BALTIMORE -- The red, white and blue blazers, apparently, are on deck.
No official word yet, but there is increasing evidence that the gift bestowed by Jonny Gomes on his Red Sox teammates in camp this spring will be worn on Tuesday to the White House, where the Sox will be honored for winning the World Series in 2013.
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“Another president once said, ‘I can neither confirm nor deny it,’’’ Sox reliever Craig Breslow said when the question of the team’s attire was put to him here Monday morning. “Follow the trail."
Gomes has insisted this was not his intention when he first purchased the jackets, a nice accessory to the red, white and blue boxers that have become de rigueur in the Sox clubhouse since last season. He said he knew the owner of the company, Loudmouth.com, that makes the jackets. But while Gomes said the team had planned to present one to President Obama, the outfielder wasn’t trying to set a new standard for White House formal wear.
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When it comes to presidential name-dropping, it’s hard to compete with Breslow in the Sox clubhouse. He said he already has met four presidents: The Bushes, George H.W. and George W., both spoke at Yale while Breslow was a student there, as did Bill Clinton. And the reliever met President Obama at a White House reception this winter.
The elder Bush spoke to the baseball team at Centennial Field when he visited Yale for the school’s bicentennial in 2001, Breslow said.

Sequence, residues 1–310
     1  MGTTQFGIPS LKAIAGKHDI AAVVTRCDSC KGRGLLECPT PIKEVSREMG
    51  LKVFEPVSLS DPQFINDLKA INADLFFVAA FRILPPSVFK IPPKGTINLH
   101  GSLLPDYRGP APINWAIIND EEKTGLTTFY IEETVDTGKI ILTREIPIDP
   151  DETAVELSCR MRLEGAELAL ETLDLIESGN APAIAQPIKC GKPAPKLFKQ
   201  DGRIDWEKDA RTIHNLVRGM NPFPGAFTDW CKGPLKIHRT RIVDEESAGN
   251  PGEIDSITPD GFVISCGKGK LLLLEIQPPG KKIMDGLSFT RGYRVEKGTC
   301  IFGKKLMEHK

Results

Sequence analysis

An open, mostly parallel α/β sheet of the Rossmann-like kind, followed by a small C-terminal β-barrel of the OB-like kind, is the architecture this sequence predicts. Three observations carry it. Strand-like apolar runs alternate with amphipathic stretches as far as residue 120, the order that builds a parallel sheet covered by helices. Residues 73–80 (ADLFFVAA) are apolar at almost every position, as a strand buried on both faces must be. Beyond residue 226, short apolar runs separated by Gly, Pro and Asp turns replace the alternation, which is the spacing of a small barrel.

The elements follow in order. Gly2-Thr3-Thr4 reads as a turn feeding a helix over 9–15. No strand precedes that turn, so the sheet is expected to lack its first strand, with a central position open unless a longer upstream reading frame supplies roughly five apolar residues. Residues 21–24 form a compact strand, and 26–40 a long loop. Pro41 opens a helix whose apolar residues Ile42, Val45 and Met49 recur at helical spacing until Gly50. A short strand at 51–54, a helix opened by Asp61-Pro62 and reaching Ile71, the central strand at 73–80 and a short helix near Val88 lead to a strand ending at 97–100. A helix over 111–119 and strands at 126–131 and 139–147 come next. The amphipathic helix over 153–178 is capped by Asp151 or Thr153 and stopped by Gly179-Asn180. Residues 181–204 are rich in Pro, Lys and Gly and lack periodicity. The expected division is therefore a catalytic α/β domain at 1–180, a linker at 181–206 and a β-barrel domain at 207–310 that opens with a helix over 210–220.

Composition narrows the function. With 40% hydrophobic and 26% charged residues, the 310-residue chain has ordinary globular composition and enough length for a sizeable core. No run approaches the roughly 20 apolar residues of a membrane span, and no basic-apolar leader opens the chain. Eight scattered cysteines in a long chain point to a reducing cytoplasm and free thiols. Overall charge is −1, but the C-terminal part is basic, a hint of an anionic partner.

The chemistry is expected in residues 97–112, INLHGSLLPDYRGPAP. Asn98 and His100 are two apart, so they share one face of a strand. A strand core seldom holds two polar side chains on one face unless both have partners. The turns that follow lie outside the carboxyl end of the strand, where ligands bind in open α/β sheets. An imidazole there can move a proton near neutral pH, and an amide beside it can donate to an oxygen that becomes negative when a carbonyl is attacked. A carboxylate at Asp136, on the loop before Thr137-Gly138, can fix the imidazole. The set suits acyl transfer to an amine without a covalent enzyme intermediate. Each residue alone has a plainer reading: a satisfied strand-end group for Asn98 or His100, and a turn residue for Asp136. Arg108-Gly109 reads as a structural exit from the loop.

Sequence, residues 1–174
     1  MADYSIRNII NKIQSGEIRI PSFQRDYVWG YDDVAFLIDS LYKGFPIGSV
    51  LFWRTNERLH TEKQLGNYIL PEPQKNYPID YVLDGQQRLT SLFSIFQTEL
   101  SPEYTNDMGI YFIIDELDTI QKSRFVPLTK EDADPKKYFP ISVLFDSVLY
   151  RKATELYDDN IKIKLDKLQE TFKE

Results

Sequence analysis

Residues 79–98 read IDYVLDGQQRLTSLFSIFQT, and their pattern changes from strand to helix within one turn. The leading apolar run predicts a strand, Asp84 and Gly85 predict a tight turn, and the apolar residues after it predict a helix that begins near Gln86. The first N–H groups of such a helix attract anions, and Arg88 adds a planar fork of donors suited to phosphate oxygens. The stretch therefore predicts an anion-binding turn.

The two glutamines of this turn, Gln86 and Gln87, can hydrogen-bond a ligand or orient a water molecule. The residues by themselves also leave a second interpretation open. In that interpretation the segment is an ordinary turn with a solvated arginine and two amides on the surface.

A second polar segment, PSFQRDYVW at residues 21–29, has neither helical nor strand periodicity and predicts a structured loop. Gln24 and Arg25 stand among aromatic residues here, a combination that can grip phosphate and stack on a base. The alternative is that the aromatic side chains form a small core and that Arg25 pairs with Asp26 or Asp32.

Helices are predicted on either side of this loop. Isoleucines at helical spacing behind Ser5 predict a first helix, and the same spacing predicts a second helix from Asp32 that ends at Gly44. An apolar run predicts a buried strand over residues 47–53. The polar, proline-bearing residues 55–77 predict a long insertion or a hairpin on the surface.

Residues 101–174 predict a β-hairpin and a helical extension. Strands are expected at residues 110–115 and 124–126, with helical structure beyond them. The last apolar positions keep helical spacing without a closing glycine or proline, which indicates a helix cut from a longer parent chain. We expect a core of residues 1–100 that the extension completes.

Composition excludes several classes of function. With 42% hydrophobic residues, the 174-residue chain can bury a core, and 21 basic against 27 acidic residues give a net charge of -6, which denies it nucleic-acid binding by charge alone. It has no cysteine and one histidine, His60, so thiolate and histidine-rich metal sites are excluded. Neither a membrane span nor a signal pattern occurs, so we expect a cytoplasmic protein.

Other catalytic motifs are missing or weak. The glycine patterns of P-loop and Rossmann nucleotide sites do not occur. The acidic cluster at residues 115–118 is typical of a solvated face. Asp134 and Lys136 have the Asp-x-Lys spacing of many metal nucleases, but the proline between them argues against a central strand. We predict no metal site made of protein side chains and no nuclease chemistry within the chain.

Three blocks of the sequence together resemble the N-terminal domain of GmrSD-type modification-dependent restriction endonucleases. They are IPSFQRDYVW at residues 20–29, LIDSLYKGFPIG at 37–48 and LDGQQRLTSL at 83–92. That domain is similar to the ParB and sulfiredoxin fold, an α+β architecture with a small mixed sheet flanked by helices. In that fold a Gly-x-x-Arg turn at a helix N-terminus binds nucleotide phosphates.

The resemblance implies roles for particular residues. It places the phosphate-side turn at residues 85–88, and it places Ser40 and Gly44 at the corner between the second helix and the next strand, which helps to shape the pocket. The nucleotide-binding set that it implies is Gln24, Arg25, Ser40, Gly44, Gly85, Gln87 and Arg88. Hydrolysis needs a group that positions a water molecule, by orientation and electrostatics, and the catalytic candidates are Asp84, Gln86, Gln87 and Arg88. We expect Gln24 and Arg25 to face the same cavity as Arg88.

“That was the first thing on his agenda," Breslow said. “He spoke to us for about 15 or 20 minutes. Obviously, a pretty neat experience. He was getting up in age but still sharp."
Sox manager John Farrell was the pitching coach when the Sox visited the White House in 2008, after winning the ’07 Series. He also received a congratulatory call from the president last October.
“Anytime you have a chance to speak with the commander in chief, that’s a rare opportunity," Farrell said. “For all of us who are going tomorrow to meet him in person, to experience the White House, we know the reason we’re there. It’s a fun day, a unique day; I think it will be a good experience for all."
The Sox players, as they have on past White House visits, will also go to Walter Reed Hospital to visit with wounded veterans.
“It’s a powerful amount of time that you spend there," Farrell said. “You see the sacrifice that so many have made. You see the work, not only technology, but the human spirit can bring back. It’s moving, I’ll tell you that, given the hardships and challenges individual soldiers overcome."